Christian Values in H. C. Andersen's "The Little Mermaid"
The Danish author Hans Christian Andersen is best remembered for elevating the traditional fairy tales to literary status. Initially, his first published book only featured four stories, to which he later added another twenty-one that turned the collection into his most famous work. “The Little Mermaid” appeared in 1837 and is a tale where the core Christian values Andersen admired abound in the story’s events and motifs.
Spirituality is intrinsic to Andersen’s tale; he uses the story of the unnamed sea princess to illustrate “the beauty and goodness of God’s creation” (Altmann and de Vos, 143). As a Danish Catholic, Andersen also romanticized the notion of sacrifices for love and “the eternal,” entertaining the idea that life was “a road to heaven for the faithful” (Altmann and de Vos, 143). Thus, the mermaid risks everything she has—her home, family, and body—for the human prince’s love and an eternal soul: “He is certainly sailing above, he in … whose hands I should like to place the happiness of my life. I will venture all for him and to win an immortal soul.” (147). In a reenactment of Jesus Christ’s sufferings, the little mermaid endures many physical hardships for her innocent desire, including cutting off her tongue and trading her fishtail for human legs that feel like she was treading upon sharp knives with every step (151). These trials test the mermaid’s resolve and prove the purity of her wish. Another Christian connotation also comes from the scene when the mermaid meets with the witch: she has to drink the witch’s blood for the spell to work, mirroring the offering of the blood and body of Christ in churches. Although the little mermaid gives so much of herself for love, the human prince never falls in love with her; he only sees her as a sister and marries another. At the end of the story, the mermaid has to decide between saving herself or saving him, of which she selflessly chooses the latter.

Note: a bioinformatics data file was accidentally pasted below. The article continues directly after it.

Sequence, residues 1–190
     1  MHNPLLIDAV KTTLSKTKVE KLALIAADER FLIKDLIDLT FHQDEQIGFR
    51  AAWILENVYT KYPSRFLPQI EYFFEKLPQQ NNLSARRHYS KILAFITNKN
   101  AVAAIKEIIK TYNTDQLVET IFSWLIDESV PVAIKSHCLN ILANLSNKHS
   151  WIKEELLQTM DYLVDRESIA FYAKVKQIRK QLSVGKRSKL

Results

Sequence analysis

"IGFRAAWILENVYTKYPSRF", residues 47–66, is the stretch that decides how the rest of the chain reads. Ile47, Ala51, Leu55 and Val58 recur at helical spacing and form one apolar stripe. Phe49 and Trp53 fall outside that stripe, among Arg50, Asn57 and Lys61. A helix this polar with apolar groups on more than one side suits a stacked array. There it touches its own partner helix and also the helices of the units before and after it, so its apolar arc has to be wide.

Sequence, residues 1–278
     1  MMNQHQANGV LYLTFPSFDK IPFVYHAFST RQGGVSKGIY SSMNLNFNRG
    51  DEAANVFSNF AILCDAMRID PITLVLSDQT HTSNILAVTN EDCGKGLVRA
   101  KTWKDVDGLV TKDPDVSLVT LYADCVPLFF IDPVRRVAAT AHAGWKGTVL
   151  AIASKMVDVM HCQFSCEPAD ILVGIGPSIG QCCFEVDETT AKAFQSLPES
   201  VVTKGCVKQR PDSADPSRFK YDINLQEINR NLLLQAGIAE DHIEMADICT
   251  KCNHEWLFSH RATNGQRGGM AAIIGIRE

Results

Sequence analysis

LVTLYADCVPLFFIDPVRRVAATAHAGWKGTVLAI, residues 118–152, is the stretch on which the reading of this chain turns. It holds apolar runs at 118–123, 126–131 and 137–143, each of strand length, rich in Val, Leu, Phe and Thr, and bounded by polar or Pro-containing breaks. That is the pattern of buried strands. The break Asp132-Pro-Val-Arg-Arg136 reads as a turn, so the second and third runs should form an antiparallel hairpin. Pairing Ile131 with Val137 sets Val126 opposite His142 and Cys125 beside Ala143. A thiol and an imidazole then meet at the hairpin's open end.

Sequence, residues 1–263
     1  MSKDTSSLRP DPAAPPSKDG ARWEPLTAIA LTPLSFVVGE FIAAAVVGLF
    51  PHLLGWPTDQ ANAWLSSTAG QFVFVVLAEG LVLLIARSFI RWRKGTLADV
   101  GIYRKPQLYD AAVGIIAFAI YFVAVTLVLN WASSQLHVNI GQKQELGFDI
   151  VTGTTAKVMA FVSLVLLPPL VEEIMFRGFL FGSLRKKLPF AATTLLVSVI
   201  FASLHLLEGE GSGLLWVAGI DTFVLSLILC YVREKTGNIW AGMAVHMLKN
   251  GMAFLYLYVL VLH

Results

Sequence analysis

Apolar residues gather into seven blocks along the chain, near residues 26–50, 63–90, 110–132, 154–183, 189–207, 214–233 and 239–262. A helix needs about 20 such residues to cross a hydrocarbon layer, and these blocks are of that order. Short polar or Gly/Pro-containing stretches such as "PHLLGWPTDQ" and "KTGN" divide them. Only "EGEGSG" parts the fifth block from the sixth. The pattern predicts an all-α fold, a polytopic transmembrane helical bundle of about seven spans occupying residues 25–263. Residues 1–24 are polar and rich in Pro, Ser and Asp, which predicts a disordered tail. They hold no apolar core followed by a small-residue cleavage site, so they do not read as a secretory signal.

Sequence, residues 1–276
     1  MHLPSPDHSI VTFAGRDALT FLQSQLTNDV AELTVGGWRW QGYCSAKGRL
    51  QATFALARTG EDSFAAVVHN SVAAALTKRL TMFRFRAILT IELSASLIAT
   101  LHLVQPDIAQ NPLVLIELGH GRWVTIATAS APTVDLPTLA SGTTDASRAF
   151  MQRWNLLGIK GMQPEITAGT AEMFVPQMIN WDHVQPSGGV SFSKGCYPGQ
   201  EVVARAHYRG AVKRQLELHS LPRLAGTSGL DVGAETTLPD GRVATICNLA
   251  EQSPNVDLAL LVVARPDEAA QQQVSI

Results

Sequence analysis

Through the many hardships she silently endures, the story attests to the little mermaid’s good nature. She cannot commit to killing the one she loves because of her kind and pure soul. Accepting her tragic fate and unreciprocated love, the mermaid dies and turns into sea foam, ascending to “the daughters of the air” where she is awarded for her selflessness: “You have … raised yourself to the spirit world by your good deeds, and now, by striving for three hundred years in the same way, you may obtain an immortal soul.” (168). While the mermaid did not receive the prince’s love, she obtained something more valuable: a place in ‘the eternal’ around her. Her gateway to immortality was always through the prince, which is why the little mermaid committed to him and her physical demise. The tragedy of him not falling in love with the mermaid is illusory; her suffering was instead an offering of self-sacrifice to the greater goal of achieving eternal life.
Hans Christian Andersen formed his fame around his stories with no traditional happy endings typical of fairy tales. Instead, he created stories that could become a vehicle for spiritual guidance, portraying elements instrumental to his religion. “The Little Mermaid” upholds Christian morality through its selfless protagonist, a common theme in Andersen’s tales that “have the virtues and defects of conscious literary art,” tending to be “a parable rather than a myth” (Altmann and de Vos 42). The message speaks to virtues ascribed to Christianity such as love, self-sacrifice, and kindness, all attributes available for people to lead a good and peaceful existence in life and beyond it.
Altmann, Anna E. and Gail de Vos. Tales, Then and Now: More Folktales as Literary Fictions For Young Adults. Libraries Unlimited, 2001.
Andersen, H. C. Hans Andersen’s Fairy Tales Second Series: “The Little Mermaid.” Edited by J. H. Stickney and illustrated by Edna F. Hart, 1915. Project Gutenberg, gutenberg.org/cache/epub/32572/pg32572-images.html.